Lenovo has introduced a new member to its Yoga Tab 3 product family this week at IFA. The new Yoga Tab 3 Plus tablet runs Google Android 6.0 and is aimed at demanding consumers. The novelty comes with a number of features previously only available on the Yoga Tab 3 Pro, including a higher-end octa-core SoC, a 2K 10” display, a lot of RAM, plenty of storage as well as Wi-Fi 802.11 ac connectivity. Surprisingly, the Yoga Tab 3 Plus will not be too expensive and will be available starting from $299.

When Lenovo introduced its Yoga Tab 3 family of products last year, the company drew a clear line between its mainstream Yoga Tab and considerably more advanced Yoga Tab 3 Pro tablets. The former were based on entry-level SoCs and were equipped with relatively low-res screens and limited amount of DRAM/NAND, whereas the latter were powered by Intel’s Atom SoC, were equipped with 2560×1600 displays and featured considerably better specs in general, but at a much higher price ($499/$599 for Wi-Fi/Wi-Fi+LTE model). Today, the Yoga Tab 3 closes the gap between the two product lines and attempts to wed the best of both: affordable price and high-end specs.

The Yoga Tab 3 Plus is based on the Qualcomm Snapdragon 652 SoC (4×A72 1.8 GHz, 4×A53 1.4 GHz, Qualcomm Adreno 510 graphics) and comes equipped with 3 GB of LPDDR3 DRAM as well as 32 GB of NAND flash storage (it also has a microSD card slot). The tablet uses USB Type-C (operates in USB 2.0 mode) connector for charging and connectivity and also supports WiFi 802.11 a/b/g/n/ac, Bluetooth 4.0 and LTE (optional) wireless technologies.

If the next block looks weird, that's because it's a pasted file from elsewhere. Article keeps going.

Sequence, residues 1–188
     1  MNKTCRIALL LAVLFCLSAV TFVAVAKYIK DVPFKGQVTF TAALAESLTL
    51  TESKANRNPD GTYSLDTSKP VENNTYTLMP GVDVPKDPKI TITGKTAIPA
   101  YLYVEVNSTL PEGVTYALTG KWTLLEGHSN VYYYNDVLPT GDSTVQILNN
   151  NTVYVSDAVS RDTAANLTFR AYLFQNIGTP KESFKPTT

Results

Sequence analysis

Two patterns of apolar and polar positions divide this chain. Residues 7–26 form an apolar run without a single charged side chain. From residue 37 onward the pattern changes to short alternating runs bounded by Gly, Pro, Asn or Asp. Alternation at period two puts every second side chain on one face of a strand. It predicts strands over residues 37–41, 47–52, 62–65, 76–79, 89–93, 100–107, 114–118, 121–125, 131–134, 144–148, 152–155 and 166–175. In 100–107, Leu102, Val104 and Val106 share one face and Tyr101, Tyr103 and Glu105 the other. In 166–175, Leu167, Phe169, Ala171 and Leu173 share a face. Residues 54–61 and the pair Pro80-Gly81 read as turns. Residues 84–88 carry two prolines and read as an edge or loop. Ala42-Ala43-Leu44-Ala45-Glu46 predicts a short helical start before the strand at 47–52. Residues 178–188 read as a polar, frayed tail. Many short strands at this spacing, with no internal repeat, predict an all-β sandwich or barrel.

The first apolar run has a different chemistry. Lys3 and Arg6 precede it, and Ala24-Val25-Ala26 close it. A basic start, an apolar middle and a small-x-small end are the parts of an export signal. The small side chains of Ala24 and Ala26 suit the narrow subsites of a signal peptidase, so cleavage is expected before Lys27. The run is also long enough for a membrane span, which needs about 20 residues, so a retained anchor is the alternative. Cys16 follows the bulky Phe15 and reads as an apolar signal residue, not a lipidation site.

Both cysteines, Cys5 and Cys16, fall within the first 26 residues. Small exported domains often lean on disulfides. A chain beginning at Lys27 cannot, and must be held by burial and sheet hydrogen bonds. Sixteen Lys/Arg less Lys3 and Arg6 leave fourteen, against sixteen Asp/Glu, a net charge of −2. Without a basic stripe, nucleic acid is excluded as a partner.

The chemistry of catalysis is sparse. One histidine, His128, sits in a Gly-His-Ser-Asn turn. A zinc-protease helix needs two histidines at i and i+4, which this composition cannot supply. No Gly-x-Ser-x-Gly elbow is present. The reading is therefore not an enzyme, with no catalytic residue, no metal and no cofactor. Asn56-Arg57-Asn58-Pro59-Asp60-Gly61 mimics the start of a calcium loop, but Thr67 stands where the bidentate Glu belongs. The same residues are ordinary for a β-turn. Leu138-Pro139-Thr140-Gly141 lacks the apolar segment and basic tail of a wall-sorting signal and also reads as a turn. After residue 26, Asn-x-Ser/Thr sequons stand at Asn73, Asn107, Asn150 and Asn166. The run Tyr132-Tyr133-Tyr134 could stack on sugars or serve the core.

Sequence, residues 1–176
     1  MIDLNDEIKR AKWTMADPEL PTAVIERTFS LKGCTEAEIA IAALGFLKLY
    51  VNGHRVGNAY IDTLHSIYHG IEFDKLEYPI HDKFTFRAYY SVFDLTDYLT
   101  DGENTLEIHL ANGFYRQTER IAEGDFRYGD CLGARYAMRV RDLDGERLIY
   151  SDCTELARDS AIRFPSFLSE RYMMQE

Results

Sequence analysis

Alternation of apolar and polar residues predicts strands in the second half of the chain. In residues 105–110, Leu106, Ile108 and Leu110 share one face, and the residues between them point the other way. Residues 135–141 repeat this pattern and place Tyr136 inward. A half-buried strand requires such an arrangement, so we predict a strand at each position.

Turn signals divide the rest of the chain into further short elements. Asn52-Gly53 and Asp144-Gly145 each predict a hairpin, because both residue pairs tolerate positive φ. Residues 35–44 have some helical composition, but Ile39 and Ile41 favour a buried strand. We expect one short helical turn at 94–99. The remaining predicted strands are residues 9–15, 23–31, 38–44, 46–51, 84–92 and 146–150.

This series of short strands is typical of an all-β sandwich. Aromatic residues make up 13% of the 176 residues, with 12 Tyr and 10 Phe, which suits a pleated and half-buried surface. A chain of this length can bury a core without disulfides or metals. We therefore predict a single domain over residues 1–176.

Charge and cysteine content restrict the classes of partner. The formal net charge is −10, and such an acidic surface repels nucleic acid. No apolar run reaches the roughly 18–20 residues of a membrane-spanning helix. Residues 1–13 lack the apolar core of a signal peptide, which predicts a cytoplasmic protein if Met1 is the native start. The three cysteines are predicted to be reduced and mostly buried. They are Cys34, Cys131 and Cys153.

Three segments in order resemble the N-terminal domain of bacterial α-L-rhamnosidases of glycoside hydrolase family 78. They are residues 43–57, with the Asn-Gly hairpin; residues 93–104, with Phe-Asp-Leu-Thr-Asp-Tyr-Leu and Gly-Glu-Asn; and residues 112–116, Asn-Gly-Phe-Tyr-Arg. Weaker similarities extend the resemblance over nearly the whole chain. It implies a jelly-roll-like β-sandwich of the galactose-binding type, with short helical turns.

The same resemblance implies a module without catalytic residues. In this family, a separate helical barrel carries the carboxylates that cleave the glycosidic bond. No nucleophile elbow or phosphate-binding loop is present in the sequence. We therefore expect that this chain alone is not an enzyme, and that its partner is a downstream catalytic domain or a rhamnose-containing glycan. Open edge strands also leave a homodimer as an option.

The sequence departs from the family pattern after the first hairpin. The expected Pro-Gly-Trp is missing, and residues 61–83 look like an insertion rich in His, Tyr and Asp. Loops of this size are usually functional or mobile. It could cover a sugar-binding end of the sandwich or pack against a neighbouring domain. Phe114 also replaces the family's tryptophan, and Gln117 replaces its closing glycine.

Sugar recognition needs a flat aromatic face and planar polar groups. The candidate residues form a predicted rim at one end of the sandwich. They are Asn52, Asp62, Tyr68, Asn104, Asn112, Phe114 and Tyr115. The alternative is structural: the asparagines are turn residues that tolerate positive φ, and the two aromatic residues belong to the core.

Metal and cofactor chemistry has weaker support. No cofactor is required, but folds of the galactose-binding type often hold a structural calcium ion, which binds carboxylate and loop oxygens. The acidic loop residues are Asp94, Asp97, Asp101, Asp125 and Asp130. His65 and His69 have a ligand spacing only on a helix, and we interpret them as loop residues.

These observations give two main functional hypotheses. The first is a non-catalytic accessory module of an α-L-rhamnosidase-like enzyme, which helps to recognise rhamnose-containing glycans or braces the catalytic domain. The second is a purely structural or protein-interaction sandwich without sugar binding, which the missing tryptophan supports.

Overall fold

Lenovo Yoga Tab 3 Family
Model Yoga Tab 3 8" Yoga Tab 3 10" Yoga Tab 3 Pro 10" Yoga Tab 3 Plus 10"
SoC Snapdragon 212
4×Cortex-A7 at 1.3GHz
Adreno 304 graphics
Intel Atom x5-Z8500
Quad core, 2.24GHz
Snapdragon 652
4×Cortex-A72 at 1.8GHz
4×Cortex-A53 at 1.4 GHz
Adreno 510 graphics
RAM, NAND 1GB, 16GB NAND + MicroSD 2GB RAM, 16/32GB
NAND + MicroSD
NAND + MicroSD
Display 8" 1280x800 IPS LCD 10.1" 1280x800 IPS LCD 10.1" 2560x1600 IPS LCD
299 ppi, 70% Color Gamut
Dimensions 210 x 146 x 3 to 7mm 253 x 185 x 3.5 to 9.5mm